With no job and no prospects, Daniel Gonzales, 42, drove up to Flagstaff from Phoenix on faith that his life would change.

A former U.S. Marine and alcoholic in recovery, he stayed his first night at Thorpe Park.

“I didn’t have any idea of what Flagstaff was about,” he said.

He took a walk the next morning and visited a church downtown. The congregation of the Christian Science Society gave him a line on a job, and handed him a list of resources for veterans. He was homeless three weeks before he found lodging with the help of the Northern Arizona Veterans Resource Center.

The NAVRC recently received its third year of $2 million funding from the Veterans Administration to keep veterans like Gonzales housed in northern Arizona. So far, the nonprofit NAVRC has aided in housing, or has helped keep housed, more than 1,000 veterans.

The program is meeting with success, said Tom Isakson, regional director for the VRC based in Flagstaff. About 95 percent of the 523 households served last year had stable housing after the VRC assistance.

“More than half the cases we serve are for the literally homeless,” Isakson said. About 60 percent of the households served are homeless when they come to the VRC for help. The remaining 40 percent of the veterans and their families the VRC serves receive homeless prevention services, or help because their housing is in jeopardy.

Veterans and their families who qualify must make less than 50 percent of the area’s adjusted median income, and must be facing eviction, be living with friends or family and cannot continue, or are currently homeless.

Isakson said a veteran is anybody who has served one day beyond basic training and who was discharged in any capacity other than “dishonorably.” But Isakson added that the VRC will even informally help veterans with information and referrals who have been dishonorably discharged.


During the first year of the program start in northern Arizona, Isakson said that the VRC served 638 veterans. The second year, the VRC served 523.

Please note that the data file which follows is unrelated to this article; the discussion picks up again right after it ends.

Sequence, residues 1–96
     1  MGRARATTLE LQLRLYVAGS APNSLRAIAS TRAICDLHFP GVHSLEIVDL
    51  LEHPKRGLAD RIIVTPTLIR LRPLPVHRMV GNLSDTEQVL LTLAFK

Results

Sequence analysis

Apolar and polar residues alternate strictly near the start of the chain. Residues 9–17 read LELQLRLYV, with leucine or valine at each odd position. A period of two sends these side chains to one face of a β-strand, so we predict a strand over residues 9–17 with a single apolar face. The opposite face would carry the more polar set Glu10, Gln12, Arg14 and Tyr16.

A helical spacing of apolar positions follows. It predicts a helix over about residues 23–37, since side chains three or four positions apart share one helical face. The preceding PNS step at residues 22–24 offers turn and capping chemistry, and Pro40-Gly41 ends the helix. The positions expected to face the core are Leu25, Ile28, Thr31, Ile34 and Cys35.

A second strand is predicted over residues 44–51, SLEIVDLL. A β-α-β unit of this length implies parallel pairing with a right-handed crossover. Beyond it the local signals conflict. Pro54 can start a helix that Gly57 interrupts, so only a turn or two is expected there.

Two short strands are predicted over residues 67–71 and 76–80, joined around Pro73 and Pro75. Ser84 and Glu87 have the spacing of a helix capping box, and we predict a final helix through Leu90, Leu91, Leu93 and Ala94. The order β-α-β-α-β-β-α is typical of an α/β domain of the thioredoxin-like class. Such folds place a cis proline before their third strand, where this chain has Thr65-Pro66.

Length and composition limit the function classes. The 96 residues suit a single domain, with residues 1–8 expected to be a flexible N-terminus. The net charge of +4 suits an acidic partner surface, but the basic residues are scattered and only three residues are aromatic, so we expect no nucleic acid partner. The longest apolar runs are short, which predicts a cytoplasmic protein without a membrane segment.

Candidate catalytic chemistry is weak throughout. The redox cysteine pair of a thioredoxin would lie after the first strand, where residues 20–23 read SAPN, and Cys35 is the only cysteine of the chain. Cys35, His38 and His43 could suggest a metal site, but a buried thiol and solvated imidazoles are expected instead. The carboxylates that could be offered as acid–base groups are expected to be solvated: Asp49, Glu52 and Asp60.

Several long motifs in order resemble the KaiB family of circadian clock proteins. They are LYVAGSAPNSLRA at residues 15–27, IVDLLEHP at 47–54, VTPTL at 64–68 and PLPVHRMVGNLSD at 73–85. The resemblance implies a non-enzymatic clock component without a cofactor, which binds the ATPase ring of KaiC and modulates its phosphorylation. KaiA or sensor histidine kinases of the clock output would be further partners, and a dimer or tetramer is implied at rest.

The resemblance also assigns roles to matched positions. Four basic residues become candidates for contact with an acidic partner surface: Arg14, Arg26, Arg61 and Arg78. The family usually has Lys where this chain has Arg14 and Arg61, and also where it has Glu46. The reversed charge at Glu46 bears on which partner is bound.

“That was surprising to me because in the first year, nobody knew us,” Isakson said, adding that he and his staff worked hard to get the word out. The expectation was that the second year would have higher numbers.

“So despite our better methods at finding them, we found fewer,” Isakson said. “It could mean we’re helping to solve the problem.”

The numbers at the end of the current year might help to clarify the picture, Isakson added.

“There will always be need for this program because there will always be veterans who fall into homelessness,” Isakson said. “But we can make that number smaller and smaller each year.”

The reasons for homelessness are many. According to the VRC, veterans often find it difficult to transition back into civilian life, and during their time in the service, what the veterans do as jobs don’t often translate well back into civilian life. Veterans who have been in combat can also find it difficult to manage the psychological effects of war, Isakson said.

The first priority is housing, Isakson said. The VRC helps with rent and utilities for an average of two or three months to help veterans get back on their feet – either by finding better work, or securing benefits like disability, or Social Security.

“We’re not a long-term assistance program,” Isakson said. “We position people for self-sufficiency.”

The largest barrier to permanent housing in Flagstaff is cost, Isakson said. The veterans who come into the VRC for help often have jobs, or live on fixed incomes from a retirement or disability, but the jobs and available income aren’t sufficient to cover the costs of moving into a home – first and last month’s rent, deposits, etc.